LynneFeatherstone Thu 20-Jun-13 13:31:35

LineRunner

*It's important also to remember that prosecution relies on an often young girl being willing to give evidence, often against her family, which can be very difficult particularly if pressure is put on her from her family or community.*

That's disingenuous, though. The same used to be said about DV. There are myriad ways to recognise and gather evidence of a crime, and prosecute it. But you have to recognise it as a crime first, not just some kind of private complaint.

If a daughter who lives with me suddenly turned up at school with her genitals mutilated, I would expect to be prosecuted for at the very minimum neglect, even without a statement from her.

This is child abuse and of course prosecution is absolutely vital, but the focus when i meet the Met Police's lead on child abuse, will be to understand how we can get a prosecution against cutters or doctors practicing this illegally in the first instance.

If in the example you give, the girl came to her teacher and said 'i have been mutilated', then i would expect a prosecution to follow as you say, regardless of any other circumstances.

MiniTheMinx Thu 20-Jun-13 13:32:08

Thank you Lynne,

Thinking about a point that was made by IntlPlannedParenthoodFed can I ask one more question?

As attitudes change towards this practice and the prevalence of FGM decreases, how can we be sure that women here and in other countries who have been cut are able to access health services without feeling they might be stigmatised? I ask because a recent documentary touched upon this, some women were having home births in the UK and declining medical help because they feared that hospitals/doctors would have a negative opinion & question them because they had been cut.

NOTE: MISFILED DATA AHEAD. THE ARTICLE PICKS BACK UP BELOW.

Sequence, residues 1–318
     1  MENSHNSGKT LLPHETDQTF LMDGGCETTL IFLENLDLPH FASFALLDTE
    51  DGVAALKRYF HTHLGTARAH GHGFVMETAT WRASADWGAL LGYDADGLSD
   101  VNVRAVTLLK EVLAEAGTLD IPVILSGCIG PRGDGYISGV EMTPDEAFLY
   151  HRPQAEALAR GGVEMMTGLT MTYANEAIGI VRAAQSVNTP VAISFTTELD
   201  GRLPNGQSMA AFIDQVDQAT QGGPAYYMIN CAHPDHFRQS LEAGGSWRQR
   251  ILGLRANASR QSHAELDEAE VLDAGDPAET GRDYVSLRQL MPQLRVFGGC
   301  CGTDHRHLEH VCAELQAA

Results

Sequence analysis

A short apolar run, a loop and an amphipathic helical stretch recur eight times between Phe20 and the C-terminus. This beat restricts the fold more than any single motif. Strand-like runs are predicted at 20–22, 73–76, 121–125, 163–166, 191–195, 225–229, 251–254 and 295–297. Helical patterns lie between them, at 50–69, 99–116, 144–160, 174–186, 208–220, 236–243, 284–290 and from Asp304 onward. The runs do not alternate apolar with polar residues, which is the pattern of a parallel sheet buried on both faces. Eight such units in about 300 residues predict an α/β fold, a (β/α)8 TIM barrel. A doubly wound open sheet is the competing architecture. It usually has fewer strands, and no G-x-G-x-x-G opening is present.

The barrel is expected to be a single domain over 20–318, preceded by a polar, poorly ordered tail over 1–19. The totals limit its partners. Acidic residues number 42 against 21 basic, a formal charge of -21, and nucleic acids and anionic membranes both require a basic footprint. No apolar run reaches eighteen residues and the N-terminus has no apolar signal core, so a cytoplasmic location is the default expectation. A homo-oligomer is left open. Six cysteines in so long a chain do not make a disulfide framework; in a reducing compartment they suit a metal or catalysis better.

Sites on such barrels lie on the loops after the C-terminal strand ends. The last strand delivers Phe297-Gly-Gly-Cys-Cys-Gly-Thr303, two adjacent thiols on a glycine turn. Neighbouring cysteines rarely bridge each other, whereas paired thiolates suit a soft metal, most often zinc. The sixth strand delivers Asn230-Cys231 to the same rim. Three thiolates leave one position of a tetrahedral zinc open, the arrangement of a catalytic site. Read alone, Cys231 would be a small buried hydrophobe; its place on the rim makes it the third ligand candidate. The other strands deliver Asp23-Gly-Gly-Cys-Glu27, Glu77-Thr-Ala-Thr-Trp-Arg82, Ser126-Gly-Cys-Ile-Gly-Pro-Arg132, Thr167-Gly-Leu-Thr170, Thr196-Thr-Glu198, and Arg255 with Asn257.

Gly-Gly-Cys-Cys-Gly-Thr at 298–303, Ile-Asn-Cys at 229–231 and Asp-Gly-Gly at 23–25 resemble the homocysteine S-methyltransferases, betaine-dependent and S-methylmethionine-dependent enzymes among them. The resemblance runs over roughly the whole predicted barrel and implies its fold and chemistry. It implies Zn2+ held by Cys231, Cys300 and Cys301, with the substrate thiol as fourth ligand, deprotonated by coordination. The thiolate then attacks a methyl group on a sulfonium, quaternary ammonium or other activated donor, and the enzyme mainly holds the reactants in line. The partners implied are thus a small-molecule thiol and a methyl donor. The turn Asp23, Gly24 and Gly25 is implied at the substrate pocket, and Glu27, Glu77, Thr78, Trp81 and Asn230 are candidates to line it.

phineasa Thu 20-Jun-13 13:34:51

HI Lynne,

5:30 am here in Tucson, Arizona. Just held a meeting of key FGC players
in D.C. to discuss next steps. Whom do you first want to approach here in the USA about securing funds from our side? We might be able to help.

LynneFeatherstone Thu 20-Jun-13 13:36:02

IntlPlannedParenthoodFed

Hi Lynne,
We applaud DFID for the initiative to end FGM and for helping bring the harmful effects of this practice to attention.

As a global organization leading on sexual and reproductive health, IPPF has always had a fruitful partnership with DFID, coming together to deliver sexual and reproductive health services and advocate for sexual and reproductive health rights for the world's most marginalized and under-served communities.

It is the world's poorest women and girls who suffer as a result of denied access to sexual and reproductive health and rights. FGM is one terrible example of this.

IPPF has been working in the Seguela district in Cote d'Ivoire where the prevalence of FGM is a staggering 88%. The overall aim of the project was to reduce the prevalence of FGM in the district, with an emphasis on changing attitudes at the community level. Key achievements of IPPF's addressing FGM project were: